A 50th anniversary Woodstock festival is being planned for 2019 by Ulster County resident Michael Lang, a promoter for the 1969 gathering.

“We have definite plans,” Lang told the Journal on Friday.

He added: “I’m excited. I am indeed.”

Lang has served as the public face of this historic concert for five decades.

Details on performers, a date and location were not available. 

Lang said: “These are plans. This is not a done deal yet. But it’s very close.”

An official announcement will be coming soon, he said

Doug Lucy of Fishkill, 65, said he is definitely interested to hear more about a possible anniversary festival.

“If they do it in the right place and it’s not crazy expensive, I think it would great,” he said. “I’d definitely be interested, really interested to see who is going to be there.”

Considered the crowning achievement of the 1960s counterculture, the Woodstock Music and Art Fair in August 1969 attracted hundreds of thousands of people to Bethel in Sullivan County. Jimi Hendrix, The Who, Richie Havens and Janis Joplin were among the performers at the festival, which took place against the backdrop of 1960s turmoil.

Lang with partners staged the historic event in 1969. He held a 25th anniversary concert in Saugerties in 1994 and a 30th anniversary concert in Rome, New York, in 1999.

The Woodstock site is now home to Bethel Woods Center for the Arts, which features a museum and indoor and outdoor performance venues, which host Woodstock veterans and contemporary acts on a regular basis. Lang is not affiliated with Bethel Woods. 

Lang said the anniversary festival will be built around sustainability, activism and social justice, themes that “hopefully encourage people to get involved with our lives on the planet.” Lang said his goal is to harness the “history and essence of what Woodstock was.”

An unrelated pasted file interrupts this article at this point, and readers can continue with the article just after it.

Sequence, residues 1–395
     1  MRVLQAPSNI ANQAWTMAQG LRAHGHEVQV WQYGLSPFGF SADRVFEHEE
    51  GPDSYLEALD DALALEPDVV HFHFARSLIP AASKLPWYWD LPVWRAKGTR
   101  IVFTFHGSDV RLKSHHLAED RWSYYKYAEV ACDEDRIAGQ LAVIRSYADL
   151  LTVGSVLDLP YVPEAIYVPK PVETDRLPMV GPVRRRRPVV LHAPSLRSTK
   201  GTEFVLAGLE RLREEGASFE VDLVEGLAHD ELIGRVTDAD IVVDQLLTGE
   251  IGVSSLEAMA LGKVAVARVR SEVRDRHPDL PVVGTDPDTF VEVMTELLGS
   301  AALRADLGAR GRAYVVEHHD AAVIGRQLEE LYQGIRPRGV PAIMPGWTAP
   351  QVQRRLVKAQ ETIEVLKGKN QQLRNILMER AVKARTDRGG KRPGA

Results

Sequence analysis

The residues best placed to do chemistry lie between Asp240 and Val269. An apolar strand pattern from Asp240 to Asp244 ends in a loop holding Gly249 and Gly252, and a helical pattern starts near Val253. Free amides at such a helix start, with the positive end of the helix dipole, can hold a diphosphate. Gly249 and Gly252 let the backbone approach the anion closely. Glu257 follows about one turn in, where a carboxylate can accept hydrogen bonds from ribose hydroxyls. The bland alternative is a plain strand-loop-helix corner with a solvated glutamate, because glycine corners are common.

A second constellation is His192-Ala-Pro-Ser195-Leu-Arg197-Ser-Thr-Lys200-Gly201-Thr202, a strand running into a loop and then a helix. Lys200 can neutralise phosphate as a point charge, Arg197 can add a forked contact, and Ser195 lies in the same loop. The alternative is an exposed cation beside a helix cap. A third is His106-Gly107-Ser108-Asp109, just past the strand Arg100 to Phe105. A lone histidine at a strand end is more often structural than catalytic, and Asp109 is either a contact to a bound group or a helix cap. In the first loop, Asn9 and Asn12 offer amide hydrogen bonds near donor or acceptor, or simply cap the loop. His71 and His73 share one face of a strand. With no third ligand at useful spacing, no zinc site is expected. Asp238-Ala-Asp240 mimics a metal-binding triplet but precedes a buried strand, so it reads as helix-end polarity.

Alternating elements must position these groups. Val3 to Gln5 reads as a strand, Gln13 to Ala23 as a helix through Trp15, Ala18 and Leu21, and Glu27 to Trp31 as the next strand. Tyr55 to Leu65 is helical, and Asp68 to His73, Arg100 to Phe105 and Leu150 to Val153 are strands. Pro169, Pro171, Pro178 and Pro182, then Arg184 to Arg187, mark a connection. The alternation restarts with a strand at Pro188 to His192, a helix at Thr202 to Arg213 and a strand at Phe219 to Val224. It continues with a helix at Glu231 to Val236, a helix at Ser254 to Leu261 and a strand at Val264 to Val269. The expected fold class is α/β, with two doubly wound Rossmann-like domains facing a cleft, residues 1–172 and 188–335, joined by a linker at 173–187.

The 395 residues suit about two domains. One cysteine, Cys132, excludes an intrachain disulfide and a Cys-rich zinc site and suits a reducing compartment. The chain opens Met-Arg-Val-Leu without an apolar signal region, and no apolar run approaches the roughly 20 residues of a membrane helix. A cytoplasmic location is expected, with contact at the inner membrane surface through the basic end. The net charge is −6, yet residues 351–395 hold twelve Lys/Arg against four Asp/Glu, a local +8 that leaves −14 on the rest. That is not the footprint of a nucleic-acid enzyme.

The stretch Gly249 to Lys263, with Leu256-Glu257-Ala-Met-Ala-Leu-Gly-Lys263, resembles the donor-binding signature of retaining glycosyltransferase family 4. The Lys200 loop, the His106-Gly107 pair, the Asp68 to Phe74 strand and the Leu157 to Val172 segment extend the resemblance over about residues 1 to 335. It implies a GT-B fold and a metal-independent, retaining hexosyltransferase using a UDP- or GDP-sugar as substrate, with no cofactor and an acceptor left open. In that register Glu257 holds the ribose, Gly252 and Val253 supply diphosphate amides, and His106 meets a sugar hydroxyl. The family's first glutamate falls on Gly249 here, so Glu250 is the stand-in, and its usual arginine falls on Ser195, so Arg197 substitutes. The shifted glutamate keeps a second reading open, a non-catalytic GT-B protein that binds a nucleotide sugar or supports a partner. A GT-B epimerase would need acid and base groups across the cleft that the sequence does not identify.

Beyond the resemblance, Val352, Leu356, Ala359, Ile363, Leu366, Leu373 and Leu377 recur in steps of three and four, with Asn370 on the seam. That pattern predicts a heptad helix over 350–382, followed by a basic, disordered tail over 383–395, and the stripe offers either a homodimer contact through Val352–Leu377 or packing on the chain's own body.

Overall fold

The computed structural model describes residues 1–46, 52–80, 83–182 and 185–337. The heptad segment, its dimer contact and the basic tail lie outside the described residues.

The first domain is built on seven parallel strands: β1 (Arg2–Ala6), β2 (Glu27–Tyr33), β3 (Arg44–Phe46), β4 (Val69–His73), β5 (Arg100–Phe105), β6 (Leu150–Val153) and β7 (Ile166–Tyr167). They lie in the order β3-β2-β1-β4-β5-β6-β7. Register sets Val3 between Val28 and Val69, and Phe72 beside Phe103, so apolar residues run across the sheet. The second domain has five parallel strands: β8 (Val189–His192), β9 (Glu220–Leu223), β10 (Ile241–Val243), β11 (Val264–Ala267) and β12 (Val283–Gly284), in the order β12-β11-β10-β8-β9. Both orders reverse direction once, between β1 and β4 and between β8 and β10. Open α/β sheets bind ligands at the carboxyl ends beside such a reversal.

He continued, “We’re hoping to inspire people to speak up and get involved and get out and vote and help us save the planet. We are in trouble and it seems like we’ve been brought back in time in a lot of ways. It’s eerie how similar a lot of things are to the way it was in the late ‘60s. Lessons we thought we learned seem to be coming back, unlearned. The progress we learned in social justice seems to be going backwards.”

Woodstock fun facts

According to the New York State Police:

  • Out of the hundreds of thousands of people who attended Woodstock, only 109 were arrested at the festival, all but four for drugs, “but no instance of violence came to the attention of troopers.”
  • Troopers booked 270 people on 408 charges who were either on their way to Bethel or returning home, and confiscated “a substantial quantity of drugs.”
  • According to a New York State Health Department report dated Sept. 25, 1969: “Two companies provided 650 individual toilet seats and 200 urinal spaces. This number was planned to serve 60,000. Servicing was difficult due to crowds, stalled cars and mud. There were long lines at some of the toilet sites; however, the spirit of helpfulness and sharing allowed maximum use, not to mention the lack of inhibition on the part of the Aquarius generation. …”

According to documents obtained from the Sullivan County Historical Society, Food for Love, the company hired to provide food, made the following projections based on 50,000 people a day for a three-day festival. This is a sampling of the entire food list:

  • Bread: 30,000 loaves.
  • Marshmallows: 10,000 packages.
  • Peanut butter: 1,500 pounds.
  • Napkins: 600,000.
  • Milk: 20,000 gallons.
  • Cheese: 5,000 pounds.
  • Coffee: 2,000 pounds.
  • Plastic eating utensils: 900,000 pieces.

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